Scriptcat’s survival tips for your screenwriting journey…

If you’re a regular reader of this blog, first of all—THANK YOU!  I truly hope you’re busy creating and forging ahead on your screenwriting journey and you’ve been able to take away a few nuggets of advice that helped. As you may know, I’ve been adding short posts (nothing is EVER short on this blog!) and sharing various survival tips. I do speak about these in the various articles on this blog, but this new feature will be a quick reference to glance over and consider as you navigate your screenwriting journey. So, in addition to my tips on Twitter (@scriptcat), I’ll be posting new tips here from time to time. Thanks for reading and as always: Carry on, keep the faith and keep screenwriting!

Okay, three more survival tips that will help you on your screenwriting adventure…

TIP #1

Do yourself a favor early on your screenwriting journey: Always work from a solid step outline or story treatment before you start pages. Trust me, you will be training yourself for the future. Treatments, beat sheets and step outlines are an important process that prepare you to write the script.  If you’re getting paid as a professional writer for a script assignment, it’s standard practice the producer or executive will require you in the contract to create one of these structured documents before they’ll allow you to start the script.  Only a fool leaves on a journey without the proper road map, supplies and a clear vision of the destination. The same goes for your screenplay. I’ve read so many scripts that run of steam in that barren wasteland of ACT TWO and the writer has no clue how to get the characters across those fifty or so pages. Writing an extensive treatment is similar to doing a pre-draft of your script.  It gives you the chance to explore your story and get to know your characters before you set out on a journey of a hundred pages with them.  If you embrace the treatment process and craft a solid framework for your story, it will help serve as your road map to a successful first draft.

TIP #2

Be willing to make the time necessary to create a viable body of work.  Practice patience, Grasshopper. We all want overnight success with the least amount of effort, right?  You read or hear about a first time writer selling a script for a million dollars? You think a screenwriting career is as easy as falling out of bed in the morning into a three-picture deal? Wrong. It usually takes years of rejection and learning while you toil away writing at a half-dozen screenplays to achieve any level of success as a working screenwriter—or maybe never. You’ll need time to fail, be rejected and write bad screenplays so you can get on to doing your best work. You need to think of your career as your life’s journey and continually learn, study, and work at becoming a better screenwriter. You want to become a master of your craft at the top of your game.  When you consider that only 4,510 Writers Guild Members reported any income last year and half of the guild did not work, you’ll need to be screenwriting at the highest levels necessary to compete in a very competitive and crowded marketplace.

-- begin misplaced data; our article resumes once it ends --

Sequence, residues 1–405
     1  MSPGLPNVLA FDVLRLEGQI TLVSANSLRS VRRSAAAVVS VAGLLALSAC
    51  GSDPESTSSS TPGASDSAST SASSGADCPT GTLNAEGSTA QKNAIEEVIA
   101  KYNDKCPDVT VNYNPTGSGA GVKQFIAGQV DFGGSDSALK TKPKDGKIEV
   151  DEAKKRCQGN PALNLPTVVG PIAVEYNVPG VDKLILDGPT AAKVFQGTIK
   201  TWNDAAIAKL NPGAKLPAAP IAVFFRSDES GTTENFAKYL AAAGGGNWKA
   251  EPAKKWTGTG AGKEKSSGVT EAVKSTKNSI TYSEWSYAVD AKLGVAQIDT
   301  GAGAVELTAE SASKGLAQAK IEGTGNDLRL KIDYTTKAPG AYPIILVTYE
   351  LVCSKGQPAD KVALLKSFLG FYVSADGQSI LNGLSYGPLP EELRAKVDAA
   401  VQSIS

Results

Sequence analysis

TIP #3

Image is everything! As you travel on your screenwriting journey, the image that you project is extremely important and you should keep up an image of success. You do this by being busy and creating a solid body of material to show prospective agents, managers, producers and executives that you are a work horse with something to offer. Never give them a chance to think of you as a diva who believes he or she is God’s gift to cinema. It’s the team player and collaborator who always works again. The pain in the ass gets branded as “difficult” and wonders why the work has dried up.

Keep screenwriting and filling your blank pages.

Scriptcat out!

Copyright 2021 by Mark Sanderson. All rights reserved on My Blank Page blog.

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You must write every single day of your life… You must lurk in libraries and climb the stacks like ladders to sniff books like perfumes and wear books like hats upon your crazy heads… may you be in love every day for the next 20,000 days. And out of that love, remake a world.”—Ray Bradbury

“One of the things that young writers falsely hope exists is inspiration. A lot of young writers fail because they aren’t putting in the hours. Whether you can write all day every day, or whether you can write four hours on Sundays, whatever it is, you have to protect that time.”—William Goldman

“Ultimately, we all have to decide for ourselves what constitutes failure. But the world is quite eager to give you a set of criteria if you let it. [F]ailure means a stripping away of the inessential. I stopped pretending to myself to be anything other than what I was, and began to direct all my energy into finishing the only work that mattered to me. Had I really succeeded at anything else, I might never have found the determination to succeed in the one arena where I believe I truly belonged. [R]ock bottom became the solid foundation on which I built my life.” ~ J.K. Rowling

“Everyone holds his fortune in his own hands, like a sculptor the raw material he will fashion into a figure. But it’s the same with that type of artistic activity as with all others: We are merely born with the capacity to do it. The skill to mold the material into what we want must be learned and attentively cultivated.”—Johann Wolfgang Von Goethe